6

First, an important correction: the text here (at least the Masoretic version) does not actually mention Judah; that appears to be an editorial addition in the NLT. The text of v14 is: כֹּל, הַמִּשְׁפָּחוֹת הַנִּשְׁאָרוֹת--מִשְׁפָּחֹת מִשְׁפָּחֹת, לְבָד; וּנְשֵׁיהֶם, לְבָד. JPS 1917: All the families that remain, every family apart, and their wives ...


6

Judicial execution around that time was very rare and on the decline. Rabbi Akiva (c. 40-137 CE) said that a court that ever executes is bloodthirsty; Rabbi Eleazar ben Azariah, dates uncertain but in the generation before R. Akiva, said a court that executes once in 70 years is bloodthirsty (Makkot 1:10, Babylonian Talmud). Capital punishment was legal ...


6

"Born" is usually a conjugation of the verb ילד. However, in Hebrew, different words can have an overlap in meaning, and this appears to be the case with יחם. While יחם simply means "to be hot" (cp. Eze. 24:11), it may also be used idiomatically in the realm of sexuality, meaning "to be aroused." This phenomenon is not unlike that which occurs in many other ...


6

An angel as a primeval enemy of humanity The Hebrew noun satan, along with related nouns and verbs, are semi-common in the Hebrew scriptures. These terms are used in a variety of contexts and refer to a variety of individuals. In Numbers 22.22,32, for example, it is an angel explicitly acting on God's behalf who is identified as a satan, meaning ...


5

I can't speak to Jewish interpretation, but ancient Christians would not have understood "genre" in the sense that we do today. To them, all scripture was allegorical and all scripture was historical. Jerome, in his Commentary on Jonah first reminded his readers that Jesus referred to Jonah typologically, and that this symbolism is the primary meaning of ...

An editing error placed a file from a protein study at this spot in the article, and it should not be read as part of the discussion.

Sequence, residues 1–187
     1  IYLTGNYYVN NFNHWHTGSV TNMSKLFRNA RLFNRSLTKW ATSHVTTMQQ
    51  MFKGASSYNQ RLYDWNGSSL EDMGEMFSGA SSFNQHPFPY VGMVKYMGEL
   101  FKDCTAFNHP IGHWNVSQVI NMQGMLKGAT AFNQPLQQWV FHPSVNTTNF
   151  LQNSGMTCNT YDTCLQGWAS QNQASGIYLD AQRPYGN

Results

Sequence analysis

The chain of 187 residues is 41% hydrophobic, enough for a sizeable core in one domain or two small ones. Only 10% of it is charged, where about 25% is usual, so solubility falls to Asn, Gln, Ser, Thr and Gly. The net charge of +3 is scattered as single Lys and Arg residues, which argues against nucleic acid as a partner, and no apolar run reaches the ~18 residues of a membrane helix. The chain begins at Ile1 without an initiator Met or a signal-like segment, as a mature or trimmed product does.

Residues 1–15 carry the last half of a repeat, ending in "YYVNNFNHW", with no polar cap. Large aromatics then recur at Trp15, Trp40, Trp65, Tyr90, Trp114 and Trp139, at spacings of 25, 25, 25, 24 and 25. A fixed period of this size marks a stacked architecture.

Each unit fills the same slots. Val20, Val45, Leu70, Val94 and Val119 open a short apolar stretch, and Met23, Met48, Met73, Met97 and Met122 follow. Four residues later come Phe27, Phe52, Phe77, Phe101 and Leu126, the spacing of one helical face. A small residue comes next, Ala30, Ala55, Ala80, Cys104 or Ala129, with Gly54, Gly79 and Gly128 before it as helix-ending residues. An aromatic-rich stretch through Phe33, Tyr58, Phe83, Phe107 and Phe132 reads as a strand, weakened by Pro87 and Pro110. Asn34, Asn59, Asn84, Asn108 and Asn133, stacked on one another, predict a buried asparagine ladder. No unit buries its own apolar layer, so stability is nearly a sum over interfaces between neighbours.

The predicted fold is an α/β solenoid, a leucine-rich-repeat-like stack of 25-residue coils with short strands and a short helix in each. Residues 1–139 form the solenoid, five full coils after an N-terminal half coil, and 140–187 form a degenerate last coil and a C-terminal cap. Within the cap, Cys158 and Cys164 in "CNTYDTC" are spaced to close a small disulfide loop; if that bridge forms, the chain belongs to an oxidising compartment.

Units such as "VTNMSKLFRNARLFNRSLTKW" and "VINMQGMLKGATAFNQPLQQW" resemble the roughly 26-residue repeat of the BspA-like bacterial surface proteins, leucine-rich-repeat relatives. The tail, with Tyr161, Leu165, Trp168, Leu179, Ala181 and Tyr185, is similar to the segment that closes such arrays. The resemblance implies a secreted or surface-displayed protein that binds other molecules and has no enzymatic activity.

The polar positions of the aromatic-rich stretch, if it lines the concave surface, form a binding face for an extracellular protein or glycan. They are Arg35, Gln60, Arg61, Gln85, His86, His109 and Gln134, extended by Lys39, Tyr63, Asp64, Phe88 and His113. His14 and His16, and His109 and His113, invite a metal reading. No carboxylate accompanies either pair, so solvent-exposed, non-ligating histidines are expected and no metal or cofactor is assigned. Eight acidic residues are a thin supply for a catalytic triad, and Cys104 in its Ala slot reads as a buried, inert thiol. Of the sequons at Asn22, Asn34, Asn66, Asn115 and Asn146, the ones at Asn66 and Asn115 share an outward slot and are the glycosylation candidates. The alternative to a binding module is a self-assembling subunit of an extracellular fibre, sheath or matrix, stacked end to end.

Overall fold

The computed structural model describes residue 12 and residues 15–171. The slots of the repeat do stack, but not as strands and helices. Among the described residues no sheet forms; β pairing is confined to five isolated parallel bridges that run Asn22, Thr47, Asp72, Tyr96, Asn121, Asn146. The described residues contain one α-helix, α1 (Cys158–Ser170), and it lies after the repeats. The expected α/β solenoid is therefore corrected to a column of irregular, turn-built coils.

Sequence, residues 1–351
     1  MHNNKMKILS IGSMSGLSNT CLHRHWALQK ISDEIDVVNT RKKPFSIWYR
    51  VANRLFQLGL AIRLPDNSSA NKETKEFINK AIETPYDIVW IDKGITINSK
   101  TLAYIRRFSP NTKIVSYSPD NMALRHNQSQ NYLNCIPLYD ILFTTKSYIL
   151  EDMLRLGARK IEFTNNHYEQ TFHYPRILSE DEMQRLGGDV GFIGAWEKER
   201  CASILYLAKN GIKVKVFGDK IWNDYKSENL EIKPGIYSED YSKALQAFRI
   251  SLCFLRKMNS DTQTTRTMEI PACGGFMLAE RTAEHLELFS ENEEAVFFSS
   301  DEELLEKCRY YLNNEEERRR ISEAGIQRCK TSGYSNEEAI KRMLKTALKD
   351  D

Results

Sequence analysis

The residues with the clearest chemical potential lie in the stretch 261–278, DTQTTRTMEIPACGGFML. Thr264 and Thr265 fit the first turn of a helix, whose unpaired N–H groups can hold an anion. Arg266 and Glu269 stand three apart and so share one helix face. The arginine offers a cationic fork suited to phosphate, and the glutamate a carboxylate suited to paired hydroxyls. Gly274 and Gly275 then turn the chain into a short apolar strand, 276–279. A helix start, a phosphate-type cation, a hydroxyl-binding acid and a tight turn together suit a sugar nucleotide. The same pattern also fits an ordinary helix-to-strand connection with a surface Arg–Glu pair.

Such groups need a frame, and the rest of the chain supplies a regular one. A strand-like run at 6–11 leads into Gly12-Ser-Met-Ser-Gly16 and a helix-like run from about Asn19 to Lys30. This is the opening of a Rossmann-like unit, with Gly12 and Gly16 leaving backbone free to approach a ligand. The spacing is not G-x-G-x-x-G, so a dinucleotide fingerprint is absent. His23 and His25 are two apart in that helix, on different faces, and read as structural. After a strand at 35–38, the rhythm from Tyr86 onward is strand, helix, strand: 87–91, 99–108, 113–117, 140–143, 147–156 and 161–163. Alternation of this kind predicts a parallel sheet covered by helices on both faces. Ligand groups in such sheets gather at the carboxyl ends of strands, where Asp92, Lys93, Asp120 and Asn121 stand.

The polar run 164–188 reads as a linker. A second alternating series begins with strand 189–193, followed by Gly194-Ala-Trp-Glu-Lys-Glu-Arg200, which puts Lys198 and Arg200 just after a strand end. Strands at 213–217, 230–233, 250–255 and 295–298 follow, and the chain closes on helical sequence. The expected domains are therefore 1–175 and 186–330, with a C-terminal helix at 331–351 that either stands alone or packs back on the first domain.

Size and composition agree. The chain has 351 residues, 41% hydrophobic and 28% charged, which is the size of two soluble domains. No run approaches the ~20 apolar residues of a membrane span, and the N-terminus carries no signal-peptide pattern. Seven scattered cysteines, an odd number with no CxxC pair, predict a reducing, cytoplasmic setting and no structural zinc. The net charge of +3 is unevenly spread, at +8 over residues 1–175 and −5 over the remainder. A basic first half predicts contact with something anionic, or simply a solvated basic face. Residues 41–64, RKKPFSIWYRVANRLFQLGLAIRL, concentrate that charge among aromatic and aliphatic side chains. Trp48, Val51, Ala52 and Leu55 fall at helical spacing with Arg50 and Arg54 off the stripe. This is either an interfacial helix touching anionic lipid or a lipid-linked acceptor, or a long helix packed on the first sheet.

5

If we are to think like the first-century hearers, we must recognize that the importance of the number fourteen is that it is a multiple of (that ever-so-important number) seven. Matthew is implying that the entire flow of God's history of creating a people for himself shows that Jesus the Christ is our Sabbath rest. Forty-two, not Fourteen Three sets of ...


5

Definitions שֵׁשׁ (shesh; Strong's 8336) comes from שַׁיִשׁ (shayish; Strong's 7893), meaning to bleach or whiten. Thus shesh can indicate white/bleached clothe (byssus/linen), or white stone (alabaster/marble). מָשְׁזָר (mashzar) is hophal of שָׁזַר (shazar; Strong's 7806) and means twisted: Translation Examples Shesh occurs alone in Exodus 28:5: ...


5

Numerology A recent question linked to a reference of meaning of various numbers in the Bible and this passage seem to be the primary source of meaning for the number 14. None of the other references seem particularly compelling and seem to be included for data-mining purposes. I would say that the number 14 has no particular meaning in the Bible outside ...


5

In Hebrew the words share two of the three letters of the root: Sabbath (Shabbat), שַׁבָּת, is Strong's H7676. It is spelled shin-bet-taf. Seven, שֶׁבַע, is Strong's H7651. It is spelled shin-bet-'ayin. While Shabbat does fall on the seventh day of the week, Strong's doesn't note a linguistic connection between the two words nor have I ever learned one ...


5

It may likely grow into the Sinapis Nigra (Black Mustard). It can grow to eight feet tall, so it could actually be literally used by small birds to nest on its branches. However parables are not to be taken so literally and the image may be a slight exaggeration as part in parcel with the point of the passage. In the OT mustard is not mentioned. Yet ...


5